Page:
In order to really understand it is so important for us to have empathy for those living with allergies.
Think for a moment about the big events that most people celebrate – Christmas, birthdays, weddings, family gatherings etc. What is one of the main focuses of all of these? FOOD! How would you feel if you had to bring your own food to all of these celebrations for fear that your life might be in danger if you ate something? This is an unfortunate reality for those living with severe allergy. It is not only a logistical nightmare but can be extremely isolating. I have heard many complaints from parents about not being able to pack nuts in school lunches, but what if it was your child who could die because of accidental exposure to a food allergen?
So what exactly is an allergic reaction?
When the immune system reacts to substances in the environment that are harmless for most people an allergic reaction occurs. This involves mast cells, which are found in the skin, gut, lungs, nose and eyes. Mast cells are designed to protect our bodies from potential invaders and are filled with irritant chemicals including histamine. When an allergen enters the body, an antibody response is triggered. These antibodies attach themselves to the mast cells, causing them to ‘degranulate’ or spill their contents into the tissues, resulting in the redness, swelling and irritation of an allergic reaction. This diagram demonstrates why I am a Naturopath and not an artist… It looks more like a spilled bag of marbles than a mast cell but hopefully you get the idea!
The low down on allergies in Australia.
Allergies are very common and increasing in Australia, with approximately one in three people being affected at some time in their lives. Food allergy alone affects around 8% of children, 10% of infants, and 2% of adults with numbers continuing to increase. Most of the statistics around allergy focus on food but it is important to remember that environmental and chemical allergens can also cause severe reactions.
Australia is not alone in the rapidly increasing occurrence of allergic reactions.
In the last ten years hospital admissions for allergic reactions in Australia, the USA and UK have doubled, and in Australia, admissions due to food allergy, in children aged 4 years and under, has increased 500%.
This is an alarming rate in such a short period of time!
What are the main culprits?
Does allergy run in families?
Yes it does. Atopy or atopic disease is a term used to describe a family likelihood of developing allergies when other family members suffer from allergy or asthma. Eczema is also a common characteristic of atopic disease. This tendency to develop allergic diseases is a genetic predisposition and when atopic people are exposed to certain foods, chemicals or environmental triggers they can develop an immune response that leads to an allergic reaction.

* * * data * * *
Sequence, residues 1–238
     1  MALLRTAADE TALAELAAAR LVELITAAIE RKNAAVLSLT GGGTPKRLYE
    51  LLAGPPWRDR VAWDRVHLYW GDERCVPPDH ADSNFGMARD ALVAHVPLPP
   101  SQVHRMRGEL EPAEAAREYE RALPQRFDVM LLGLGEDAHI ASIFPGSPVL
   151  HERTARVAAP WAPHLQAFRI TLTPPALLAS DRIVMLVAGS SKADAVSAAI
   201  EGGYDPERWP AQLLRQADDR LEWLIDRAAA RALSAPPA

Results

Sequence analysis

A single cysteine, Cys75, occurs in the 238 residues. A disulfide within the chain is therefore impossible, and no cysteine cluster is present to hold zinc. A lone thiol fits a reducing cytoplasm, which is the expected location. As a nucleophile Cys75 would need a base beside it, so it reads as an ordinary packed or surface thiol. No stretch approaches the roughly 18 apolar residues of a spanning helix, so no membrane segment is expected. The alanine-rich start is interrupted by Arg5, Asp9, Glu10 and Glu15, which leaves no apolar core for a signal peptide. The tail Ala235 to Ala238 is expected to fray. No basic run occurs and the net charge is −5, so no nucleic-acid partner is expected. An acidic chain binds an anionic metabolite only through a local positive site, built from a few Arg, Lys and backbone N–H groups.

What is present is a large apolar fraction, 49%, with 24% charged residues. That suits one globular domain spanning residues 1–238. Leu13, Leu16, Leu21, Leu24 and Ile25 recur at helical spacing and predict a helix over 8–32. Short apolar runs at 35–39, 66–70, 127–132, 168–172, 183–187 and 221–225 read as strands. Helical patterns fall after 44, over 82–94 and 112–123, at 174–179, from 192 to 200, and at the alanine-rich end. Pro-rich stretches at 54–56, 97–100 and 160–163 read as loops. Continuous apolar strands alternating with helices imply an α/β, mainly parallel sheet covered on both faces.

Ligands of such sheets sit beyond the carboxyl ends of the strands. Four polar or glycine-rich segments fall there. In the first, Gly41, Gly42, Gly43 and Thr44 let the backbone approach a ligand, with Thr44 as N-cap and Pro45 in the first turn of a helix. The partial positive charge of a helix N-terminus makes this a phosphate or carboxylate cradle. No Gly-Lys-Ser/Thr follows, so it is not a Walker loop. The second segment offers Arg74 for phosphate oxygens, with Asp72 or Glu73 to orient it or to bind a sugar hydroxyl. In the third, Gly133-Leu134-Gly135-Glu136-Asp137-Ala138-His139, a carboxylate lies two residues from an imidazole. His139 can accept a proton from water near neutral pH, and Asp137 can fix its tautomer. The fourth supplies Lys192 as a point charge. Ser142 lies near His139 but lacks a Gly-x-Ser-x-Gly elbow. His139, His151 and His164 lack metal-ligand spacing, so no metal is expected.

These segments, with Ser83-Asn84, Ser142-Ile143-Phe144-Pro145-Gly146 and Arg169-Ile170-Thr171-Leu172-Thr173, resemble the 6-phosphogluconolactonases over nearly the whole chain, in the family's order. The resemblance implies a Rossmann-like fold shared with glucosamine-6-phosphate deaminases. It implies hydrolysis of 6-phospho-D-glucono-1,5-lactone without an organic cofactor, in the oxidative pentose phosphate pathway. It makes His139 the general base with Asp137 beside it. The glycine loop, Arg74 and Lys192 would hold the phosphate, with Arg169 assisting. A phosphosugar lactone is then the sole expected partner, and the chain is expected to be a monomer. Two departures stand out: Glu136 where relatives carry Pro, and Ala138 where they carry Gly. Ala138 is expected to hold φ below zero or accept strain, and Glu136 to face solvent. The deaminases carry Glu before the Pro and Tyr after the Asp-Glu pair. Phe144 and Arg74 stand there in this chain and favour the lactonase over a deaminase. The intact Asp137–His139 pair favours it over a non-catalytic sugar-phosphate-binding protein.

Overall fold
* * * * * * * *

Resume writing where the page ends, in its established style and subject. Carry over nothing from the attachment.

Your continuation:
Signs and symptoms of allergy.
So what signs and symptoms do you need to look for to determine if you or someone else is having an allergic reaction?
HOW TO SAVE LIVES!
This is where we really need to get serious and face the reality that for many people their allergies are life threatening. Anaphylaxis is the term used to describe allergy that can be lethal. Let’s look at the signs of anaphylaxis and how a quick response can save lives. This great ‘Action Plan for Anaphylaxis’ chart is available to download from allergy.org.au
Here is where the empathy and action come together to save lives.
- Reduce exposure risk for those with known anaphylaxis by being aware of potential triggers.
- Know the warning signs and be familiar with an action plan.
Please read the ‘Action Plan for Anaphylaxis’ chart so you are familiar with how to respond if you see any of the above signs of anaphylaxis.
Allergy is an issue that is very close to my heart and although we fortunately do not have any anaphylaxis in our family I have many very close friends and clients who are at extremely high risk of anaphylaxis, even due to airborne exposure to allergens.
This is an issue that is becoming so much more prevalent and if it hasn’t already touched your life, it most certainly will some day soon. It is time for us to grow our awareness and empathy as a community in order to reduce the isolation and risk for those living with the fear and physical implications of allergies and anaphylaxis.